Now I know what you're going to say, and I feel you. I realize that hardback books are more difficult to destroy than paperbacks, and kids are HARD on books. The simple reality is that while hardbacks hold out longer, they are also more intimidating. Kids who are already resistant to reading chapter books are going to have an easier time swallowing the idea of reading a thin, paperback copy of Mary Pope Osbourne's The Magic Treehouse series, than the MUCH larger, though identical, hardback version. As a librarian, and as a manager, I'd rather have a shelf full of beat-up looking paperbacks that have clearly been read and loved on repeatedly, and have to be replaced more frequently, than a shelf of hardback books that look pristine and untouched.

Books in audio formats are an invaluable asset to those students that struggle with processing or cognitive disorders, visual disabilities (books in braille are difficult to come by for most libraries!), or students who just have a hard time navigating through words. I know at least four librarians that have dyslexia, and all of them have said the same thing about audio books. Listening to the book, while reading along with the audio, helps students follow along and become used to how words are ordered on the page. Plus, audio books are great options for long car rides!

So now it's your turn. What kind of things have you found to be helpful in encouraging reluctant readers?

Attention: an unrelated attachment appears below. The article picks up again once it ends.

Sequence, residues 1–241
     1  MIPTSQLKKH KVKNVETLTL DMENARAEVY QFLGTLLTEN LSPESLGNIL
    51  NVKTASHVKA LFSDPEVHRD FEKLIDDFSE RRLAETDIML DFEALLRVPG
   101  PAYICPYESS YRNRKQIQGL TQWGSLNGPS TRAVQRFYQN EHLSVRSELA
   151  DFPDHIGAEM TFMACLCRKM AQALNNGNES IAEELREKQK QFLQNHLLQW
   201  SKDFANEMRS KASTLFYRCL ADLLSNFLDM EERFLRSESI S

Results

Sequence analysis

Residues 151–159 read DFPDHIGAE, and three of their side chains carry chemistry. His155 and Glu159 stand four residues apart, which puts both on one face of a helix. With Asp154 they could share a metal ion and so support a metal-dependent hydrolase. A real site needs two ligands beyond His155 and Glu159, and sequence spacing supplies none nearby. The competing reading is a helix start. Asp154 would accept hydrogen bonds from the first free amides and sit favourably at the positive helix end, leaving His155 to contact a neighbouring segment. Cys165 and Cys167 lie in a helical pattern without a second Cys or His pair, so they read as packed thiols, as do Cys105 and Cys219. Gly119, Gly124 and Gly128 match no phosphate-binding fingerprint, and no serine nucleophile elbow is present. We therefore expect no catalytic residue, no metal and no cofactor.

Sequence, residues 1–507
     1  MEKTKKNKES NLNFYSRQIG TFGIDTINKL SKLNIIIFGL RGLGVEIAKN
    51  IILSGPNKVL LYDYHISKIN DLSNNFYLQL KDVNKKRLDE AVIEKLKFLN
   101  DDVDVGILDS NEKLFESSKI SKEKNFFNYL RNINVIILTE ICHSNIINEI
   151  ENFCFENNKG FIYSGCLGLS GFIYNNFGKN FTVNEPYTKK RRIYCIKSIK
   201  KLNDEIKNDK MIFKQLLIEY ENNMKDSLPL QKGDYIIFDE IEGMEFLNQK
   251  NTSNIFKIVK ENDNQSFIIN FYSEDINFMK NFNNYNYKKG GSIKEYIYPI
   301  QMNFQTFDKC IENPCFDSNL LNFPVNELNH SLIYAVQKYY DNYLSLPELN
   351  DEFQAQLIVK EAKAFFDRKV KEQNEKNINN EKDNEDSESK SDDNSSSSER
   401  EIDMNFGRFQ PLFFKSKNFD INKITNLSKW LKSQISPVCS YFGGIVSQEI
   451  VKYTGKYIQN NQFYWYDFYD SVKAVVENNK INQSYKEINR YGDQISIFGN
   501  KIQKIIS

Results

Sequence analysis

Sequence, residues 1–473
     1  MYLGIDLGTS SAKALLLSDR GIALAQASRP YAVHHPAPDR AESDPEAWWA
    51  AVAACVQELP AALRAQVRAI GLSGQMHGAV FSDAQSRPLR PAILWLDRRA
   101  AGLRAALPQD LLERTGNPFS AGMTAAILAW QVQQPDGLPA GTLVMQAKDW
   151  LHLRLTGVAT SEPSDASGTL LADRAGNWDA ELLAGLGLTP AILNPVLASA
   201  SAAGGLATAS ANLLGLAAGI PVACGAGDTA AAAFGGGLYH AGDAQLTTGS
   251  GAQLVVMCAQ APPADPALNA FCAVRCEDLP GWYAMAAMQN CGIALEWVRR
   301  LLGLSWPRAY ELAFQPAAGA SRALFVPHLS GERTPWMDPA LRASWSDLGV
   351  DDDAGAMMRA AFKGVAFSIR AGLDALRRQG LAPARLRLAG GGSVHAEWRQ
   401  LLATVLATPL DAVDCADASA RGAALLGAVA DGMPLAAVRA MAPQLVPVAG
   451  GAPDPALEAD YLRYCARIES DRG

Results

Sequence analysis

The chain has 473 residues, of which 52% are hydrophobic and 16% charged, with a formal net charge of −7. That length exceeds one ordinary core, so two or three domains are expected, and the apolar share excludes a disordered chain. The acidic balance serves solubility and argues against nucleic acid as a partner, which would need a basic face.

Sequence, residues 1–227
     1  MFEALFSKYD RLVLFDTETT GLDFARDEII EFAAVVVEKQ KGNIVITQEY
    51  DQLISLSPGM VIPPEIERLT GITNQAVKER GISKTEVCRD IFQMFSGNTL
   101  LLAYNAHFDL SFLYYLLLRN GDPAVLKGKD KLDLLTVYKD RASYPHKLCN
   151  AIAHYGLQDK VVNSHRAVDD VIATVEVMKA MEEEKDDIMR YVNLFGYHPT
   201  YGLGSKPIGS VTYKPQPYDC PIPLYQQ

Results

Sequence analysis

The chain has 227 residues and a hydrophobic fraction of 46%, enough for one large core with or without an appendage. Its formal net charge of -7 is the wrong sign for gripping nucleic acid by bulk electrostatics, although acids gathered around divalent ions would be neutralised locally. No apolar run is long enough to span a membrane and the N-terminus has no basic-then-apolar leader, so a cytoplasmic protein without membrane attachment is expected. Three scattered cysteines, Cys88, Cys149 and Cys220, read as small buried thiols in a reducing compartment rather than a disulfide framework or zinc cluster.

PERSONAL PREFERENCE: At the end of each post, I'm going to put my own two cents in for  my personal favorites in helping engage with my families. For reluctant readers, I am a HUGE fan of the 39 Clues series from Scholastic. Fantastically developed characters (the two leads are a brother and sister--appealing to everyone!), action-packed plot lines, and each book is written by one member of a whole team of well known children's authors, such as Rick Riordan, Jude Watson, Linda Sue Park, and Gordon Korman, to name just a few. Rotating authors makes young readers comfortable and willing to pick up other books by those authors (a child might recognize Peter Lerangis' name from the 39 Clues series, and then pick up his Seven Wonders series, which is a more ambitious book to tackle). These books have the main protagonists racing all around the globe, visiting historic cities and sites. Pretty sneaky way of teaching history without the readers even realizing it! Each book in the series is less than 200 pages long, and since they are action/adventure books, they are incredibly fast-paced. There is no better feeling to a child who is a reluctant reader than when they realize that they've read two or three books in a couple of weeks, and had fun doing it!

Coming next: Children's Librarian Series, Part 2--Compulsive Readers

Tuesday, October 25, 2016

Very short post about a day in the life of a children's librarian




WELCOME TO MY WORLD